The Federal Aviation Administration (FAA) seems set to roll out its plan for Remote ID, a system that provides in-flight identification of drones. DJI argues it already has a technology that’s perfect for this: AeroScope.
Remote ID has been in limbo since it was first published as part of the FAA’s final drone rules in 2020 since it was legally challenged as a violation of the Fourth Amendment. Last week, the United States Court of Appeals in D.C. upheld the rules set out by the Federal Aviation Administration (FAA) for Remote ID, paving the way for the federal agency to roll it out across the country.
How different countries choose to enact their forms of Remote ID will vary. For example, the FAA has been using the “digital license plate” analogy, which means that a drone will be required to be outfitted with a device that emits a radio signal and allows those on the ground to scan it and see relevant information on its owner and the status of their flight registration information.
Perhaps in response to a deluge of poor press in Ukraine, DJI has published a blog post that positions its proprietary AeroScope system as the perfect solution to the Remote ID problem. While DJI doesn’t specifically call out the U.S. as a great use case for its technology, the timing is so close to the recent court ruling to be seen as a coincidence.
The blog post reads like a well-crafted pitch for the DJI solution. Rather than require an additional radio emitter, DJI says AeroScope can provide law enforcement with the necessary tools to track the most popular drones the second they are put in the air.
DJI says that it first proposed, developed, and deployed AeroScope in 2017 when regulators and law enforcement began looking for a technical solution to identify airborne drones in certain areas. In March of that year, DJI published a white paper that outlined how a system using existing technology could allow drones to fly safely even in crowded, busy aerial paths, and give authorities a way to monitor drone traffic while still protecting the privacy of drone operators, DJI claims.
“At its core, any Remote ID system tries to answer a basic question people have about drones — what’s that drone doing? The overwhelming majority of drone pilots fly safely and responsibly, often enjoying an aerial perspective on the world or doing important work such as inspecting bridges and surveying construction sites,” a DJI representative tells PetaPixel.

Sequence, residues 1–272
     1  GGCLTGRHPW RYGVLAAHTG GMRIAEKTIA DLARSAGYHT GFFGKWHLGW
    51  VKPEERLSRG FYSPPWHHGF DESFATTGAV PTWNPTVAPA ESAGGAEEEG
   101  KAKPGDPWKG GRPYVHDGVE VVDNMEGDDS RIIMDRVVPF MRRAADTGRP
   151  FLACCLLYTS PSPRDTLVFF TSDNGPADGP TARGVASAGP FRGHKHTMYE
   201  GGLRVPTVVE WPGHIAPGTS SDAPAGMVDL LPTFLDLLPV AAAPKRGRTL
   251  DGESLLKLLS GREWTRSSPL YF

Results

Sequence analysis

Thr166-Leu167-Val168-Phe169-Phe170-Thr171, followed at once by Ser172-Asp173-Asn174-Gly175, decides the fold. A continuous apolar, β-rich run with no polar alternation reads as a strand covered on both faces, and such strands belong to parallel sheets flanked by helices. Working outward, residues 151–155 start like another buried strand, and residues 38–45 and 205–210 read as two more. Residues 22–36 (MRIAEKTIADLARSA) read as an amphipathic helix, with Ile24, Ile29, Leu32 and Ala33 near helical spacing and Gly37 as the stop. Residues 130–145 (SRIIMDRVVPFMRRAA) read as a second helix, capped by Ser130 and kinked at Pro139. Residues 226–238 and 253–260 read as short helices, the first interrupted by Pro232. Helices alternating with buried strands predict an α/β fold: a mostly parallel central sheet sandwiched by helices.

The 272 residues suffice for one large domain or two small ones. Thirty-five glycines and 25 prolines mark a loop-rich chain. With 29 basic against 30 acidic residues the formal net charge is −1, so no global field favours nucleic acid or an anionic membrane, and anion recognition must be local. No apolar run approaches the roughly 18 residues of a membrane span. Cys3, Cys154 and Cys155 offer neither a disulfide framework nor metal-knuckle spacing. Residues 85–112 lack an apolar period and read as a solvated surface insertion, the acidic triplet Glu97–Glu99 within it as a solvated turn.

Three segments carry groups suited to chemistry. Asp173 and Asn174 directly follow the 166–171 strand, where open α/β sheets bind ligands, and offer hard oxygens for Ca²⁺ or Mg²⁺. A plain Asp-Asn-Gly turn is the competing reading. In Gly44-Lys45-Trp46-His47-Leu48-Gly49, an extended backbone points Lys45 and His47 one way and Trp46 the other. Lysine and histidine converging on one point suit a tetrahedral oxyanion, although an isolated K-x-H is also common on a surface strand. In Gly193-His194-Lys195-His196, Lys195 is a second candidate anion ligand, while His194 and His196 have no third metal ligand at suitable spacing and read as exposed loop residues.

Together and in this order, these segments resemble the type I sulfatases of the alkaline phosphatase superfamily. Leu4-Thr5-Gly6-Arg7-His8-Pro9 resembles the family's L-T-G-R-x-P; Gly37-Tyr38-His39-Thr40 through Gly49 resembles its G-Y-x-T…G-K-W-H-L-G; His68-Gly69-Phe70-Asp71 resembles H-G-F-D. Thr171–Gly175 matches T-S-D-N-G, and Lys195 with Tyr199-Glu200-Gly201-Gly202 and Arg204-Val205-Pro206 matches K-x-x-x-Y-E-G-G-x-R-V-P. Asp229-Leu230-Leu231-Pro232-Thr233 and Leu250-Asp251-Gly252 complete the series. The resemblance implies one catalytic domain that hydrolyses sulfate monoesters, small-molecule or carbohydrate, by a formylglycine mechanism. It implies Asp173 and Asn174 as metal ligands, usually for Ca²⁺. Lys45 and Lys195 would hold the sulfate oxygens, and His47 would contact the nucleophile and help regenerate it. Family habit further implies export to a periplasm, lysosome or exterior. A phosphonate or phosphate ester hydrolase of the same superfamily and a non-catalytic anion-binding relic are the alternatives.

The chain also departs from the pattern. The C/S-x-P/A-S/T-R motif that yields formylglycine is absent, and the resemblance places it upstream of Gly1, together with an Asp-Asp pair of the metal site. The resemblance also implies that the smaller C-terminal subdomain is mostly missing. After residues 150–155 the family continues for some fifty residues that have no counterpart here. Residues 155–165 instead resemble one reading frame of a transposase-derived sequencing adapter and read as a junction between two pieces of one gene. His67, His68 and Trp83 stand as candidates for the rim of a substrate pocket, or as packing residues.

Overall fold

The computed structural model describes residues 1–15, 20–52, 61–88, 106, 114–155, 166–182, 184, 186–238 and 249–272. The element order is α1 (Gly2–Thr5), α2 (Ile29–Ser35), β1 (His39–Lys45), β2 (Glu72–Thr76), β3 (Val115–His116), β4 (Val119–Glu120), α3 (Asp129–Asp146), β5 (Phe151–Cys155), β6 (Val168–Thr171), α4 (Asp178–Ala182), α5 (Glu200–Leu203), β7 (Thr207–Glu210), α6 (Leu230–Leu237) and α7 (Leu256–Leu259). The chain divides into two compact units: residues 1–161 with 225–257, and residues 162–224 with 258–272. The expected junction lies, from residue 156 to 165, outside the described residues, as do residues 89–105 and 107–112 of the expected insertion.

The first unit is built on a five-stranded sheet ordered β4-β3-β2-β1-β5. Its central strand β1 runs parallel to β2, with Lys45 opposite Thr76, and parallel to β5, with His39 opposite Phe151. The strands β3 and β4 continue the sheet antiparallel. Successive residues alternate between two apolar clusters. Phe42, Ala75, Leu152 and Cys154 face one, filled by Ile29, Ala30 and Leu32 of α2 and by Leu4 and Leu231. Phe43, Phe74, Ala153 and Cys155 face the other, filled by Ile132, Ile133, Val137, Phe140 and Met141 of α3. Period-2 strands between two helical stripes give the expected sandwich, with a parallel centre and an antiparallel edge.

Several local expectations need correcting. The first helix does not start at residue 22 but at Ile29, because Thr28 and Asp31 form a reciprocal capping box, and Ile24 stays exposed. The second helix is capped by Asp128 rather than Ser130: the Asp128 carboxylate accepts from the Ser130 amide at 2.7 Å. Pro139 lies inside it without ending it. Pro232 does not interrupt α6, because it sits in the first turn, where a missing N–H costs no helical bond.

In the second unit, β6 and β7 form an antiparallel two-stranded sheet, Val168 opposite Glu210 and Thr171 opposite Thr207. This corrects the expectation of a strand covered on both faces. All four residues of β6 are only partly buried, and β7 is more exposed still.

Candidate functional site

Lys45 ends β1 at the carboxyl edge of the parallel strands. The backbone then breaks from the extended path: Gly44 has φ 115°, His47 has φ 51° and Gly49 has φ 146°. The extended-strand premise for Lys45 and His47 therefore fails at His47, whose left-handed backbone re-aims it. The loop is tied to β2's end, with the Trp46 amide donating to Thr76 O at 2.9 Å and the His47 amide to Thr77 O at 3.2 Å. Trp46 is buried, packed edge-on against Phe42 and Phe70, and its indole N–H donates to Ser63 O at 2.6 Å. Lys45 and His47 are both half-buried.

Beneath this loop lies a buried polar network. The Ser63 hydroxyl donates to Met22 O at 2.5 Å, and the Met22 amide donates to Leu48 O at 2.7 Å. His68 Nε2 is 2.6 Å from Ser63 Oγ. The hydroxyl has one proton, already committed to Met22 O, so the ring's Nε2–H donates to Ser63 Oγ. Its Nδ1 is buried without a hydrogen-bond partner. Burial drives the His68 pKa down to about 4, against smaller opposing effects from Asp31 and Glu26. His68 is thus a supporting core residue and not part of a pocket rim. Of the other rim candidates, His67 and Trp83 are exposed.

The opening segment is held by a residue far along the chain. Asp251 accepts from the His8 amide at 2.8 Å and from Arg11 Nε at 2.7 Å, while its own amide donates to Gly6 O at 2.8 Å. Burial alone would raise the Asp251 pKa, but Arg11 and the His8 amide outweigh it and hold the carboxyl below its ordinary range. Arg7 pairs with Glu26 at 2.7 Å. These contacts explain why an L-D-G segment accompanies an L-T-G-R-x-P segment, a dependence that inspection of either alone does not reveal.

“But when a drone flies in a sensitive location, or when people are concerned enough about a drone to call the police, authorities want to know basic information about it — its flight path, the location of its pilot, and identifying information like a serial number or registration number.”
DJI says AeroScope answers those questions and says that it can be a technical solution for Remote ID that can work in just about any situation.
“Every DJI drone continuously transmits a radio signal encoded with basic information, including the drone’s location, altitude, speed, and direction [as well as] the location where the drone launched from and the location of the drone pilot and the drone’s serial number,” DJI’s representative continues.
“That signal can be picked up by an AeroScope receiver, when it receives an AeroScope signal, it displays the drone’s flight path and other information in a simple interface on a computer screen. Every DJI drone automatically transmits AeroScope information; there is no way for a drone user to turn the signal off because that would defeat AeroScope’s purpose of promoting accountable and responsible drone use.”
While it is possible that AeroScope could fulfill the needs of Remote ID in the United States, it is still a proprietary system that was the target of outcry from Ukrainians in their fight against Russian invaders. In March, multiple reports out of Ukraine — including a public statement from the Vice Prime Minister and Minister of Digital Transformation of Ukraine — claimed DJI AeroScope was being used by Russians to track a drone operator’s position and target that location with artillery and rocket fire.
Whether or not the allegations against DJI were true, the fact remains that AeroScope comes with a lot of public relations baggage now. Even if what DJI outlines in its blog post titled “How DJI’s AeroScope System Protects the Public Interest” is true, the FAA would have to be prepared to answer questions about AeroScope’s rumored impact in Ukraine.
DJI also isn’t in the best position with the U.S. government. The company was added to the economic blacklist in 2020 and was the target of additional calls for outright bans as recently as last October.
Still, the U.S. is not the only nation exploring drone tracking regulation, and DJI might just be putting the argument out there now ahead of other nations taking similar action with the hopes some of them may consider AeroScope as a package that can be deployed immediately with low set-up costs.
Image credits: Ryan Mense for PetaPixel